What’s more, a multi-score methodology invites unhealthy competition among score providers. Nowhere was this more evident than with the credit-rating shopping widely in use on private-label MBS before the GFC.
In addition to potential credit and model risk for the GSEs, a multi-score approach invites operational risk, because it would require an overhaul of both GSEs’ AUS platforms. Even more concerning are potential adverse effects of a multi-score approach on capital market instruments, such as MBS and CRT securities.
Understanding the effects of a multi-score methodology on prepayment risk is critical, given that investors in agency MBS hold interest rate risk on these bonds. A change could adversely affect the value of these instruments, as investors try and sort out the potential impact of a transition to a multi-score approach.
Similarly, investors in CRT securities may have concerns about the impact of such a switch on their tranche of credit risk. Remember, data supplied by the GSEs to investors today to make CRT investment decisions are based strictly on FICO scores. So, a transition to a multi-score approach could make it more difficult for CRT investors to discern credit risk, potentially reducing liquidity in the highly successful CRT program.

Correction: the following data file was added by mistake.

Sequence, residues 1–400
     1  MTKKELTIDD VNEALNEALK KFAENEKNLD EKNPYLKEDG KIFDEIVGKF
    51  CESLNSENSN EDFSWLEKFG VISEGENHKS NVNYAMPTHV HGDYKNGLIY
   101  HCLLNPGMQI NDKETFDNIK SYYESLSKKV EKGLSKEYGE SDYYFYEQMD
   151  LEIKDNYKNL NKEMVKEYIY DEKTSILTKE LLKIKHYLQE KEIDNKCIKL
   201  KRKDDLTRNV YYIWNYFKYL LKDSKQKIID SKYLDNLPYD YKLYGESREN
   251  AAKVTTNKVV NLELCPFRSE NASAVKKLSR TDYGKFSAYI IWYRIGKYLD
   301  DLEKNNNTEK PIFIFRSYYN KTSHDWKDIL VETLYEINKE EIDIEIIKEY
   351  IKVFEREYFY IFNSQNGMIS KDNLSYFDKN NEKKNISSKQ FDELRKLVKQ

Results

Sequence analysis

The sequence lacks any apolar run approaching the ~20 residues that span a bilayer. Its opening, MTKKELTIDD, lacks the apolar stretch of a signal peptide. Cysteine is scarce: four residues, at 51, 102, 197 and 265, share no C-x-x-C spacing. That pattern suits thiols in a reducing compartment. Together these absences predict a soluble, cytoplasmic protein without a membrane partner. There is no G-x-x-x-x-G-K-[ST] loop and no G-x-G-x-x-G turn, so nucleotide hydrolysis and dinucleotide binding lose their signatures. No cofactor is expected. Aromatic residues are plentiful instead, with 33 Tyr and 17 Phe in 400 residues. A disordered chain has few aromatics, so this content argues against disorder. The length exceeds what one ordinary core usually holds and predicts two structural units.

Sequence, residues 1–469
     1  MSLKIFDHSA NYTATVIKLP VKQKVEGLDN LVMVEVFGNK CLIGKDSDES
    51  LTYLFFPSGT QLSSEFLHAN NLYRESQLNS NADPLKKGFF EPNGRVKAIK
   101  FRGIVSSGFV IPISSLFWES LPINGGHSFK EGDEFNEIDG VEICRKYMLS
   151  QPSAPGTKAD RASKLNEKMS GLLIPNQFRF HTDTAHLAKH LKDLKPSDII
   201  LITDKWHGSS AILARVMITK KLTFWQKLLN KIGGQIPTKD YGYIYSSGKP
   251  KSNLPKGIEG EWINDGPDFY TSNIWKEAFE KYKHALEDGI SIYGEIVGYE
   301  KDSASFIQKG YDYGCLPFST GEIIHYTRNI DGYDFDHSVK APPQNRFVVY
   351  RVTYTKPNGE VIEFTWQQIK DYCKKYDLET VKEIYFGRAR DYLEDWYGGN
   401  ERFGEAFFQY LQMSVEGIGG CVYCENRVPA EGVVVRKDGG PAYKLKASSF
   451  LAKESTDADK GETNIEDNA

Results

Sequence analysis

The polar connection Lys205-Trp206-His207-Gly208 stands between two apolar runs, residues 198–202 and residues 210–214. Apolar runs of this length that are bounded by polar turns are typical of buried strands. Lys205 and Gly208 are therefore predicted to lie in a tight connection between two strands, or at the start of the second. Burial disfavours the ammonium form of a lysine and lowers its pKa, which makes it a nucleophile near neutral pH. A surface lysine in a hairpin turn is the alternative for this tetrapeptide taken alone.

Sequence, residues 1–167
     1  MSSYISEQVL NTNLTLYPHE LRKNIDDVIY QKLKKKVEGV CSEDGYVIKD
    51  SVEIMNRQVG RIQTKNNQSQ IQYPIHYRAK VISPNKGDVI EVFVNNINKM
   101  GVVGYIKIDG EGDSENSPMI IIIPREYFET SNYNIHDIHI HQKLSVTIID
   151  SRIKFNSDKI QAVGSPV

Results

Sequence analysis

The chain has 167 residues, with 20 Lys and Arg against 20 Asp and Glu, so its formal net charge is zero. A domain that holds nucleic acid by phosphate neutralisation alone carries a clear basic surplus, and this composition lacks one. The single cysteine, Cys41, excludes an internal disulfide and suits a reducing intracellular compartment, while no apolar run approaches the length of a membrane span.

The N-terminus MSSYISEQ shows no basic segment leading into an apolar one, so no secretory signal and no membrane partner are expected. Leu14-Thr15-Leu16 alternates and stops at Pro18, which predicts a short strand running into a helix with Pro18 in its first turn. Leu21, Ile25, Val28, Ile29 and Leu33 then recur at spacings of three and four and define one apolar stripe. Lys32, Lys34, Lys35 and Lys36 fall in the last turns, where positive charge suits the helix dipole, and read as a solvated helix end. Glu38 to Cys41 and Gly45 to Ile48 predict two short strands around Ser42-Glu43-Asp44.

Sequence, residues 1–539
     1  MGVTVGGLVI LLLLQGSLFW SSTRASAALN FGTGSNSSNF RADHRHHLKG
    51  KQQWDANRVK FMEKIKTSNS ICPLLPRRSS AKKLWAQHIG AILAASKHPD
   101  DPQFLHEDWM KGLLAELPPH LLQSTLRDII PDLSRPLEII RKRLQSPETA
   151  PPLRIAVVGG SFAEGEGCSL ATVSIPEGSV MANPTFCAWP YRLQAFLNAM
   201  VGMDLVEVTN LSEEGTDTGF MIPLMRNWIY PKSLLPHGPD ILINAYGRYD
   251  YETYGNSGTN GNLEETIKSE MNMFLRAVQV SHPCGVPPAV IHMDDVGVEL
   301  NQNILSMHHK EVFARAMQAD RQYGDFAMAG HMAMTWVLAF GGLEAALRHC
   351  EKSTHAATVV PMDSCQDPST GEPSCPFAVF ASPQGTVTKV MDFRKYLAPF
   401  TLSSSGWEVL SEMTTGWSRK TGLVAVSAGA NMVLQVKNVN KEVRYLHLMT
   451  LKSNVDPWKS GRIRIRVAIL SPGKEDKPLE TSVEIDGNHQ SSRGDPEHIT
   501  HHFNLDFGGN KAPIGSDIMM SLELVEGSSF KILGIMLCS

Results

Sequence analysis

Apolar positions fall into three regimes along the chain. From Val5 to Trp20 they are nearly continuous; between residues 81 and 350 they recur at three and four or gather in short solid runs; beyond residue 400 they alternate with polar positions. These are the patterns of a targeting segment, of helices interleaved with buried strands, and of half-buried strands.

The FHFA has much to consider in expanding access to credit to unscorable borrowers. It remains unclear, however, whether moving to a multi-score methodology for the GSEs would result in significantly higher numbers of creditworthy borrowers from previously unscored segments of the population.
At the same time, there are simply too many different potential risks to the GSEs and capital markets from moving to a multi-score model. At the end of the day, the goal should be to expand credit to borrowers, while also ensuring the safety and soundness of the GSEs.
Clifford Rossi (PhD) is a Professor-of-the-Practice and Executive-in-Residence at the Robert H. Smith School of Business, University of Maryland. Before joining academia, he spent 25-plus years in the financial sector, as both a federal-banking regulator and a C-level risk executive at several top financial institutions. He is the former managing director and CRO of Citigroup’s Consumer Lending Group. He also worked at both Freddie Mac and Fannie Mae, where he played role in developing the first automated underwriting systems used by Freddie Mac, the FHA and the VA.